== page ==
Cognitive therapy was originally developed for the treatment of Depression and Anxiety. Since its early beginnings various clinicians and investigators have extended its use to a wide variety of disorders and populations. Systematic outcome studies have demonstrated its efficacy not only in the garden variety of disorders such as Depression, Anxiety and Panic but also in medical disorders such a low back pain, diabetes, chronic fatigue syndrome and chronic hypertension. Cognitive therapy appears to satisfy the important criteria for a system of psychotherapy, namely, a testable theory of personality and psychopathology with empirical findings to support it and a set of strategies guided by these theories and applied to clinical conditions.
Supervision and therapy are isomorphic processes. What supervision teaches is the process of creating change in people, and the very teaching of this process is itself an attempt to create change in the supervisee. Like families, therapists tend to confine themselves to selected segments of their possible repertory. Thus a major goal of supervision can be the expansion of the therapist's use of self.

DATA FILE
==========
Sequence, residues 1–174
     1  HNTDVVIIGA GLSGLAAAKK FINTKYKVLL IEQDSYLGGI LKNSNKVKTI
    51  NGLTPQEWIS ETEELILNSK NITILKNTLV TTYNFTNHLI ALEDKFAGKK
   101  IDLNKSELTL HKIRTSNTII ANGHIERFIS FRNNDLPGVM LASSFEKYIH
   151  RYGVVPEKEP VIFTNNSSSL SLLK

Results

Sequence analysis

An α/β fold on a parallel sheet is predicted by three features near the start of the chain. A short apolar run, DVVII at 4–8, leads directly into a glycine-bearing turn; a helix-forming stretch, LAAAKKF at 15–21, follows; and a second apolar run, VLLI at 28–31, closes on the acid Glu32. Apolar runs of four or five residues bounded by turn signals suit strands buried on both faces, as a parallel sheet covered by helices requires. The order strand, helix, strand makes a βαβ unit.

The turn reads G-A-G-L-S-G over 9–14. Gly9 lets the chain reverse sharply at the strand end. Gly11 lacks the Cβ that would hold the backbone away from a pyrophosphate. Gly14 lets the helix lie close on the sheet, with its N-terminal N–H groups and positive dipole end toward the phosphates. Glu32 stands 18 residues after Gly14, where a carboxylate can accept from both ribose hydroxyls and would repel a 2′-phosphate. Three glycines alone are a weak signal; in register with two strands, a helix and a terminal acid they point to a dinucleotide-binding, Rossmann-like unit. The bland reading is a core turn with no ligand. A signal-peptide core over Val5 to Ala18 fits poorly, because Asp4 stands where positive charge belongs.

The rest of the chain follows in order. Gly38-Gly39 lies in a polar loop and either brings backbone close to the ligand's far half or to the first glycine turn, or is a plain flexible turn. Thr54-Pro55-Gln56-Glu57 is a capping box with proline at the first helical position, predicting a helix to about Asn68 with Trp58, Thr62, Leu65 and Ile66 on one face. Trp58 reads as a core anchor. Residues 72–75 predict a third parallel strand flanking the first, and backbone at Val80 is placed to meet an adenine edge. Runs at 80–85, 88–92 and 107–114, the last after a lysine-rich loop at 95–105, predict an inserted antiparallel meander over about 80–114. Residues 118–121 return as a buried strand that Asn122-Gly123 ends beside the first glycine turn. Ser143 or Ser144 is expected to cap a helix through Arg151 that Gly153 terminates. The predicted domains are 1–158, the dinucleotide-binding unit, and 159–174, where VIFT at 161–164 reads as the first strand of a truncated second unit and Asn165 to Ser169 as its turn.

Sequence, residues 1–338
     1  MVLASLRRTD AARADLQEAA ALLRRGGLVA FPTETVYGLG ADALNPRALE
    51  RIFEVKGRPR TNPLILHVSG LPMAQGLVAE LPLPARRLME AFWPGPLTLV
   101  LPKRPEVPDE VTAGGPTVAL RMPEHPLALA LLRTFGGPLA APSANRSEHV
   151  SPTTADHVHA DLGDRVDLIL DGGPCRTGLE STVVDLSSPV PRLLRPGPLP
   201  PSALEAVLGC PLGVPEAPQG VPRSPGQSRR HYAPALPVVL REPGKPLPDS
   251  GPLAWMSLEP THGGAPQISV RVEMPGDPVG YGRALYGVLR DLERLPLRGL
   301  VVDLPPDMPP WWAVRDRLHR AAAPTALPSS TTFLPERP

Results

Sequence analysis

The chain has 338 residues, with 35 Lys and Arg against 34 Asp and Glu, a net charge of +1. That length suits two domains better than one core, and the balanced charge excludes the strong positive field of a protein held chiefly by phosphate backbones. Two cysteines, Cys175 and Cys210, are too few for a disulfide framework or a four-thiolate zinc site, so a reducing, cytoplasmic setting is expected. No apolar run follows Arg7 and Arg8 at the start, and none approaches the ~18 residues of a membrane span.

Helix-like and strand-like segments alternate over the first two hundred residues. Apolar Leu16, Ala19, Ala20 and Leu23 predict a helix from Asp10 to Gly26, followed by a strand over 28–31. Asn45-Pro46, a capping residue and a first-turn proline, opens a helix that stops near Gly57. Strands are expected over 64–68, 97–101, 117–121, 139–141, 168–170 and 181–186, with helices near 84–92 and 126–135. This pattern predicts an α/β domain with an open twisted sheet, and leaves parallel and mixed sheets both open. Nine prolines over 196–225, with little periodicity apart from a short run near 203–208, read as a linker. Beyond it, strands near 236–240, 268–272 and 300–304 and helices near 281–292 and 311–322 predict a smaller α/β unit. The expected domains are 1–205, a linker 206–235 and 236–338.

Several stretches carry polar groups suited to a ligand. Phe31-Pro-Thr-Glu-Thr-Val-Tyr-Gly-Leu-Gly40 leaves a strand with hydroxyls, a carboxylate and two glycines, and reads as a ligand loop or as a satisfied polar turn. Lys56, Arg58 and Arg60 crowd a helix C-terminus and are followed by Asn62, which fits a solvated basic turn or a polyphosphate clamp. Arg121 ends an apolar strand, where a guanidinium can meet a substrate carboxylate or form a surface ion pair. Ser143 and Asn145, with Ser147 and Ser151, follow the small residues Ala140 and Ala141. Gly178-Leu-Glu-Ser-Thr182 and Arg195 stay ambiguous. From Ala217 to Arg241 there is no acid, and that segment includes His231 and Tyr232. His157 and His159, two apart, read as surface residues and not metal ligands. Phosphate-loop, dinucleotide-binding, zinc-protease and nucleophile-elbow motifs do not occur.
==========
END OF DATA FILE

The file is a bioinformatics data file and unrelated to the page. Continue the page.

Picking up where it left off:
Panel 05 from the Evolution of Psychotherapy 1995 - Transference / Countertransference
Featuring Otto Kernberg, M.D.; James Masterson, M.D.; Salvador Minuchin, M.D.; and Irvin Yalom, M.D.
Moderated by Ellyn Bader, PhD.
Panel 18 from the Evolution of Psychotherapy 1995 - Therapeutic Neutrality or Social Commitment?
Featuring Mary Goulding, M.S.W.; James Hillman, Ph.D.; James Masterson, M.D.; and Salvador Minuchin, M.D.
Moderated by Camillo Loriedo, MD.